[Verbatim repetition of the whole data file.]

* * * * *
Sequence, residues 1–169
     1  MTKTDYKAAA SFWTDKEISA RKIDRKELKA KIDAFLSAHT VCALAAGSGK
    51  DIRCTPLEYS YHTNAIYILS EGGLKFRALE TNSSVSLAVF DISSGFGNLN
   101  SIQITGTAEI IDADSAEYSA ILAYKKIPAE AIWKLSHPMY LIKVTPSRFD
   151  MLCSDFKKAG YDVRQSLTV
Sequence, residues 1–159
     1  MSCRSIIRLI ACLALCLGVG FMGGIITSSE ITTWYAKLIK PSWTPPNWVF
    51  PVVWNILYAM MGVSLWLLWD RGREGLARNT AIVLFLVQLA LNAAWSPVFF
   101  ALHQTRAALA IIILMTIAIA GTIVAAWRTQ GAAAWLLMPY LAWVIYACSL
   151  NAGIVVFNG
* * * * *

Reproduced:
Sequence, residues 1–169
     1  MTKTDYKAAA SFWTDKEISA RKIDRKELKA KIDAFLSAHT VCALAAGSGK
    51  DIRCTPLEYS YHTNAIYILS EGGLKFRALE TNSSVSLAVF DISSGFGNLN
   101  SIQITGTAEI IDADSAEYSA ILAYKKIPAE AIWKLSHPMY LIKVTPSRFD
   151  MLCSDFKKAG YDVRQSLTV
Sequence, residues 1–159
     1  MSCRSIIRLI ACLALCLGVG FMGGIITSSE ITTWYAKLIK PSWTPPNWVF
    51  PVVWNILYAM MGVSLWLLWD RGREGLARNT AIVLFLVQLA LNAAWSPVFF
   101  ALHQTRAALA IIILMTIAIA GTIVAAWRTQ GAAAWLLMPY LAWVIYACSL
   151  NAGIVVFNG